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Every time a cousin, auntie, or uncle came to visit us from Malaysia, they’d bring an extra large, designated suitcase carefully stuffed to the brim with asam laksa-flavored Maggi instant noodles, vibrantly colored jelly cups, pandan extract, and other goodies we couldn’t find in suburban Minnesota in the ‘90s. Prized above all was Baba’s Meat Curry Powder, a heady and fragrant blend of ground spices including cinnamon, star anise, fennel, nutmeg, and coriander. It would be packed into their luggage, layered like lasagna sheets between snacks and clothing. As soon as our visitor landed and settled in, the ceremonial unpacking of food treasures would ensue, and the deep green packages would reveal themselves and make their way into our pantry. Every time my mom made goat curry, she would retrieve a packet and spoon out a precious portion of Baba’s curry powder, perfuming the whole house with the spice blend.
How did Baba’s curry powder become such a vital part of our family’s culinary history? Back in the ’60s, when my mom was a teenager, vans started making the rounds in the residential neighborhoods of Kuala Lumpur selling various pantry staples like rice and roasted, milled spice mixes to local housewives. Before this, my Didu—or maternal grandmother—and my great-aunt would have to toast and grind the spices themselves, and these mobile spice shops offered convenience and the promise of time saved. The Baba’s brand started just like those other vans, and it became so popular that the spice blends could eventually be found in conventional grocery stores. Like many Malaysian families, that’s when Baba’s became part of our family pantry too. Didu replaced her small-batch spice mixes with Baba’s to make her goat curry. Years later, when my mom moved to America, she took Didu’s recipe—and packages of Baba’s—with her.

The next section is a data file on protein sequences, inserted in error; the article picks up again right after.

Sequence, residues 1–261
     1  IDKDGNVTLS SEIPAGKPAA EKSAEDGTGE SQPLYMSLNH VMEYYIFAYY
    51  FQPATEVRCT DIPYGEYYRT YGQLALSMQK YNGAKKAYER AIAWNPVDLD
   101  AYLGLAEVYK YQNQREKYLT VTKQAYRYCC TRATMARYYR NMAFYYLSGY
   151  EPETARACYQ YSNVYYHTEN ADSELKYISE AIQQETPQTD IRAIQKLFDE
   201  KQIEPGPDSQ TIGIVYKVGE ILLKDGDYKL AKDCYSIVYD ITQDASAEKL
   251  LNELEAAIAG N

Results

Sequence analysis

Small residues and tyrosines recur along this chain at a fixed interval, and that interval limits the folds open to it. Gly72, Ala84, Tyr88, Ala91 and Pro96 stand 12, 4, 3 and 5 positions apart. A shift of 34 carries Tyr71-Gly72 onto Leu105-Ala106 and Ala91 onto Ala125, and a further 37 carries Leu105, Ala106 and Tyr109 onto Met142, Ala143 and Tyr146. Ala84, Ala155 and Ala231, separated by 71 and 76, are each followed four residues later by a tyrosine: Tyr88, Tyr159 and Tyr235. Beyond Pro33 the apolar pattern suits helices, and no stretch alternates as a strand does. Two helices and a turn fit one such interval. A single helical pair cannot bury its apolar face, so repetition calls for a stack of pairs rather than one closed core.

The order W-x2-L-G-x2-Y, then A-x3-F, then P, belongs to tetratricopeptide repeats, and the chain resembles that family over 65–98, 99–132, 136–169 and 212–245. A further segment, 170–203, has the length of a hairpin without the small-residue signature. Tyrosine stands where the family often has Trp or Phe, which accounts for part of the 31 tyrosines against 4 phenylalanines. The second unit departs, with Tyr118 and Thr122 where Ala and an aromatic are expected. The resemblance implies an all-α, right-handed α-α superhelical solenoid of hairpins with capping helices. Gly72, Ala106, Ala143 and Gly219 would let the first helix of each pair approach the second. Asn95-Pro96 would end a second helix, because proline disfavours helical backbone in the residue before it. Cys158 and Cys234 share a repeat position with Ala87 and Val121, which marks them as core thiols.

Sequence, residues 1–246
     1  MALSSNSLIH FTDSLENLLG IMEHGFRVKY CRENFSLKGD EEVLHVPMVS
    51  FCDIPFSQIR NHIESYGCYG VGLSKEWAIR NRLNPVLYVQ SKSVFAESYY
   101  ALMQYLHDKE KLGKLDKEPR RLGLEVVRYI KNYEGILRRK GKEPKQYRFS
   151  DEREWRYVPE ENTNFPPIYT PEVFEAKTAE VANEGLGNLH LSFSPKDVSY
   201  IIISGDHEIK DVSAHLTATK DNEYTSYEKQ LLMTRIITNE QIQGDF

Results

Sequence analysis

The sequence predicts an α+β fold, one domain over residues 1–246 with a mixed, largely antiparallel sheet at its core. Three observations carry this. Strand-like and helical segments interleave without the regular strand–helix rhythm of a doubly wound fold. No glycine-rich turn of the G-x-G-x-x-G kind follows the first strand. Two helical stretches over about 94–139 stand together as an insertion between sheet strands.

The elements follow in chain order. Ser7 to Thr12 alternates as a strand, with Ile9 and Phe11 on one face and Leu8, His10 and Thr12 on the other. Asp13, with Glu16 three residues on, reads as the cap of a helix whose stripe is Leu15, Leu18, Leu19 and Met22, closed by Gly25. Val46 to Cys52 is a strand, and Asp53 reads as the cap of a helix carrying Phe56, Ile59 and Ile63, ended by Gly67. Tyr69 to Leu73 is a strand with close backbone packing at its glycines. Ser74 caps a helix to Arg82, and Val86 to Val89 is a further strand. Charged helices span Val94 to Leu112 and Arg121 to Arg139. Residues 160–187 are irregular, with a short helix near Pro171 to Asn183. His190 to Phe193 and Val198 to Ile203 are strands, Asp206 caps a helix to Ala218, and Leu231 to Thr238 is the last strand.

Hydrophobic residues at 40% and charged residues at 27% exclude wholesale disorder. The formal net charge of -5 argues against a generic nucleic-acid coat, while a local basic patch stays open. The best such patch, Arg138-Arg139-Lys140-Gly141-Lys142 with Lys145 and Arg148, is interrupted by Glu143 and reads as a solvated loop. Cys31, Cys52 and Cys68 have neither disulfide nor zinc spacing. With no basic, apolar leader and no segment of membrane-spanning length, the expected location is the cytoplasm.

For me, the curry powder has become a pantry staple that goes beyond the meals I learned from my family. Got some chicken you want to roast? Add Baba’s to the marinade. Want to make ribs? Incorporate it into a coffee rub. Although the package says “meat curry powder” and sports images of goats and chickens, it’s great for more than just meat dishes (and it’s vegan). Coat potatoes, cauliflower, carrots, or butternut squash with a mix of Baba’s and melted ghee before roasting. You’ll get a nutty, savory, and slightly sweet taste that’s super satisfying. Because of its subtle sweetness from the fennel and star anise, I love using it as a popcorn seasoning on movie night.
Experimenting with making Baba’s my own makes me feel more connected to Didu and my family in Malaysia. I used to ration every spoonful, careful to make sure my supply lasted until the next auntie resupply. Now that I’ve discovered that it’s just a click away on Amazon, I’m using it with reckless abandon and finding even more ways to use it in my daily cooking.